Nine Elms

Nine Elms

Nine Elms in 2012, looking west, showing New Covent Garden Market and Battersea Power Station
Nine Elms
 Nine Elms shown within Greater London
London borough Wandsworth
Ceremonial county Greater London
Sovereign stateUnited Kingdom
Post town LONDON
Postcode district SW8
Dialling code 020
Police Metropolitan
Fire London
Ambulance London
EU Parliament London
UK ParliamentBattersea
London Assembly Merton and Wandsworth
List of places

Coordinates: 51°29′N 0°08′W / 51.48°N 0.14°W / 51.48; -0.14

Nine Elms is a district of London, situated in the far north-eastern corner of the London Borough of Wandsworth between Battersea and Vauxhall in the neighbouring borough of Lambeth.

The area was formerly mainly industrial but is now becoming more residential and commercial in character. It is dominated by Battersea Power Station, various railway lines and New Covent Garden Market. Also in the area is the Battersea Dogs and Cats Home.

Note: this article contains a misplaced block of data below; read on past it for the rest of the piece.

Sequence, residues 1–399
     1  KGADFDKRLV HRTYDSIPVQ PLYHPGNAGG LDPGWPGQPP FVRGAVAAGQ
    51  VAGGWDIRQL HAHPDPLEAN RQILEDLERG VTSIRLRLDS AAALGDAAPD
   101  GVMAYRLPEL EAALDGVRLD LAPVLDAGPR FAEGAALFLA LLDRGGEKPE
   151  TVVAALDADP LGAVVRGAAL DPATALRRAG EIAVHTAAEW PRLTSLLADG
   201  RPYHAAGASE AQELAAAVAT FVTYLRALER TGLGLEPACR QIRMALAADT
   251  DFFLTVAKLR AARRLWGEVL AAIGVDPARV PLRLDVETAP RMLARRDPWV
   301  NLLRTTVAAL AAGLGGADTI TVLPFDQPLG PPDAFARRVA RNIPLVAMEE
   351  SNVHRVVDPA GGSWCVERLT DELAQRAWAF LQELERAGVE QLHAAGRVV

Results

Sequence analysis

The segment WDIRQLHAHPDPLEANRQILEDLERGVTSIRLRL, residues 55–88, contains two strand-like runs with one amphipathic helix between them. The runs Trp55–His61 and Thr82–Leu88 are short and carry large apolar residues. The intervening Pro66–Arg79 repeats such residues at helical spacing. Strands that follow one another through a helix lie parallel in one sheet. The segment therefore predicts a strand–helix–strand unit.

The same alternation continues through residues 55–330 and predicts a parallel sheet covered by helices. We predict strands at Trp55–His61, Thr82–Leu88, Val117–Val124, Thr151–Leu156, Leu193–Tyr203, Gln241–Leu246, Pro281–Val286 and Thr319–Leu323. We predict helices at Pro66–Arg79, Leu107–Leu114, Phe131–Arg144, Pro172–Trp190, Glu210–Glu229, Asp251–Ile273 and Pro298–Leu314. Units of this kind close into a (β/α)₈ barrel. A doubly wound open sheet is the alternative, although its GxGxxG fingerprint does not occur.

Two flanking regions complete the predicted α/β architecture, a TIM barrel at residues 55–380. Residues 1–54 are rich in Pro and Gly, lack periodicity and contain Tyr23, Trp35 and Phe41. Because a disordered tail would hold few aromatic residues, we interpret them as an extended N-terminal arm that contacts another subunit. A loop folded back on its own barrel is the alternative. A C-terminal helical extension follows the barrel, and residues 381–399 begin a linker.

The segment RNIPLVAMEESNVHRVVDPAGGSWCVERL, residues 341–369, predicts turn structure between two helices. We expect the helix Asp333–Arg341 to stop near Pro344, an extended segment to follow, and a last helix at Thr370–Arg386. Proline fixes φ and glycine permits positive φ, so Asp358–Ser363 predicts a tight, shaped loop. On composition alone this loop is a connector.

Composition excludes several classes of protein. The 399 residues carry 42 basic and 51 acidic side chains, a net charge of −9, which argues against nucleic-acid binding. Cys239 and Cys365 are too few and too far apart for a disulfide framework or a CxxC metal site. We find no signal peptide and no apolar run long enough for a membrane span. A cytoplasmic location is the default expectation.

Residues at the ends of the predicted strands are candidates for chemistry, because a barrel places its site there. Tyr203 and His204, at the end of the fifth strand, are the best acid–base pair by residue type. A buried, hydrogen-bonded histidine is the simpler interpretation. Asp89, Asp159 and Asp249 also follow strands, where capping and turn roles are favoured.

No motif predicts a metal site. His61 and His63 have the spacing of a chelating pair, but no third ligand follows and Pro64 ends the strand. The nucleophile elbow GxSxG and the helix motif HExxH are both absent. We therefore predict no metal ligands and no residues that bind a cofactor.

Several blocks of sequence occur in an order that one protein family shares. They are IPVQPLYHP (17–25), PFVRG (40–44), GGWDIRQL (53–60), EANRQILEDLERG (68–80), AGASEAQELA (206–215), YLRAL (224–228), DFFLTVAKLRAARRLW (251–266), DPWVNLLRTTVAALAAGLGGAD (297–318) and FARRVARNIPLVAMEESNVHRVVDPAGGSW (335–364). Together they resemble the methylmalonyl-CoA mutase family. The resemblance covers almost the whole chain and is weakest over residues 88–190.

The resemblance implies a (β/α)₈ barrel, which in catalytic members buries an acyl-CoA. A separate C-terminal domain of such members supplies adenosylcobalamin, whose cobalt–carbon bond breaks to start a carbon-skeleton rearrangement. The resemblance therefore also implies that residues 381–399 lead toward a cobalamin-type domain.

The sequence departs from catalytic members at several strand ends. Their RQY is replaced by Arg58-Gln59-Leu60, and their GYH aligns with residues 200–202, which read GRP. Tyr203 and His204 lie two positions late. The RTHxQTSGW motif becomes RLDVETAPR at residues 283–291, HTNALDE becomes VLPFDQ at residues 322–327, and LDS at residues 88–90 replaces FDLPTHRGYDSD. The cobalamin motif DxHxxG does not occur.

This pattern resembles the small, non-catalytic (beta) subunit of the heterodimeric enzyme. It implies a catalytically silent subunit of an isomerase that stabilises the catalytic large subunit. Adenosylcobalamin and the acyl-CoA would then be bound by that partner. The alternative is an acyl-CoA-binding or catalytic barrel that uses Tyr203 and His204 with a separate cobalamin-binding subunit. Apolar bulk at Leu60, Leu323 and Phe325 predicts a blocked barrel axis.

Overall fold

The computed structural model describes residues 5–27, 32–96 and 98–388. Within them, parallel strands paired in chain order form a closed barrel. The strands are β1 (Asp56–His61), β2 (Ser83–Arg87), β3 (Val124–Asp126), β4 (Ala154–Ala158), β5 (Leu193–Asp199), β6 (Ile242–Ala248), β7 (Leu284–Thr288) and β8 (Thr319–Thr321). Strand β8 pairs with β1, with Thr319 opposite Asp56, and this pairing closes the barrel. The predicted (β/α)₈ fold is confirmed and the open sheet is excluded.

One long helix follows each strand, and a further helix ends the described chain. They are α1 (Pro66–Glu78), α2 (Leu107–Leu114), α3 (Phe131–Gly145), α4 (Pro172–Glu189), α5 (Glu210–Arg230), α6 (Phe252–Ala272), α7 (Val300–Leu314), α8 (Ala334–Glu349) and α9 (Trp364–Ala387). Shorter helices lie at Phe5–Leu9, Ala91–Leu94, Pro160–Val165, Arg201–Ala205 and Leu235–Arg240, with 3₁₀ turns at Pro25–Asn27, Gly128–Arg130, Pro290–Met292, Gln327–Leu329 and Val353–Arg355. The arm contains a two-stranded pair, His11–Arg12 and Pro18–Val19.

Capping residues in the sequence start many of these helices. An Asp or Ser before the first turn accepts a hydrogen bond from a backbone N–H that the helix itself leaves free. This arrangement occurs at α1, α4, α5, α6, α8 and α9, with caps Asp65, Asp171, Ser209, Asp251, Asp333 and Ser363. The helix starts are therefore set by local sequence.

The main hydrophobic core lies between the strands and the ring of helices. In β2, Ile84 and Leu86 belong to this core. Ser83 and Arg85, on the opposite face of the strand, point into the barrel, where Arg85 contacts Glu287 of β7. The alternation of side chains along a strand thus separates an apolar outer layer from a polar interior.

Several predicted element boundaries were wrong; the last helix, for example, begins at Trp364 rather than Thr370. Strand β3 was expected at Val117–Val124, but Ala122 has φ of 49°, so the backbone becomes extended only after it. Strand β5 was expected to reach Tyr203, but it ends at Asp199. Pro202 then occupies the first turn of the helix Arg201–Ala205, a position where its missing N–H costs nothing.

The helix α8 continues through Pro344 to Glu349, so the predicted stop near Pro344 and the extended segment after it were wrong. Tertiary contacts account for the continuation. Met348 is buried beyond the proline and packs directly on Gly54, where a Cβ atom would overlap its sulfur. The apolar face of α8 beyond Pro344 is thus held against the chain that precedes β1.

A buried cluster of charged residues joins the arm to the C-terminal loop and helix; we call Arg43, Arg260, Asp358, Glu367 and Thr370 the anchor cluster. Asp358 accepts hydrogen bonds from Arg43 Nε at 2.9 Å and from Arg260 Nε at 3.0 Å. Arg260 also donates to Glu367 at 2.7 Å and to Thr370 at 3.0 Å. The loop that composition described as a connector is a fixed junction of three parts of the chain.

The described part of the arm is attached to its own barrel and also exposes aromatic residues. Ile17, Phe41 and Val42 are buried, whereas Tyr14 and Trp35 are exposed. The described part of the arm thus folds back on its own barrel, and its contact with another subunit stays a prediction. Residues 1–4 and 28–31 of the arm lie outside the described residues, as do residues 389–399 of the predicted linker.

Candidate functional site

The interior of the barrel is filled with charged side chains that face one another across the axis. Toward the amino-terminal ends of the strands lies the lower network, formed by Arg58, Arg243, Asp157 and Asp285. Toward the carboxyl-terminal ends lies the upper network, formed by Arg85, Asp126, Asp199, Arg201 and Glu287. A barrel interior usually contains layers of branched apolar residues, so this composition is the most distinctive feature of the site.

Nine Elms has residential developments along the riverside, like Chelsea Bridge Wharf or Embassy Gardens, and also three large council estates—Carey Gardens, the Patmore and the Savona.


A map showing the Nine Elms ward of Battersea Metropolitan Borough as it appeared in 1916.

Nine Elms Lane was named around 1645, from a row of elm trees bordering the road. In 1838, at the time of construction of the London and Southampton Railway, the area was described as "a low swampy district occasionally overflowed by the Thames [whose] osier beds, pollards and windmille and the river give it a Dutch effect".[1]

Nine Elms railway station opened on 21 May 1838 as the first London terminus of the London and South Western Railway, which that day changed its name from the London and Southampton Railway. The neo-classical building was designed by Sir William Tite. The station was connected to points between Vauxhall and London Bridge by Thames steam boats. It closed in 1848 when the railway was extended to a new terminus at Waterloo station (then called Waterloo Bridge Station). The redundant station and the adjacent area, to the north of the new mainline, became the London and South Western Railway's carriage and wagon works and main locomotive works until their relocation to Eastleigh in 1909.[2] The company's largest locomotive depot was located on the south side of the main line. The buildings were damaged by bombs in World War II, and closed in 1967. They were demolished in 1968 and replaced by the flower section of the New Covent Garden Market.[3]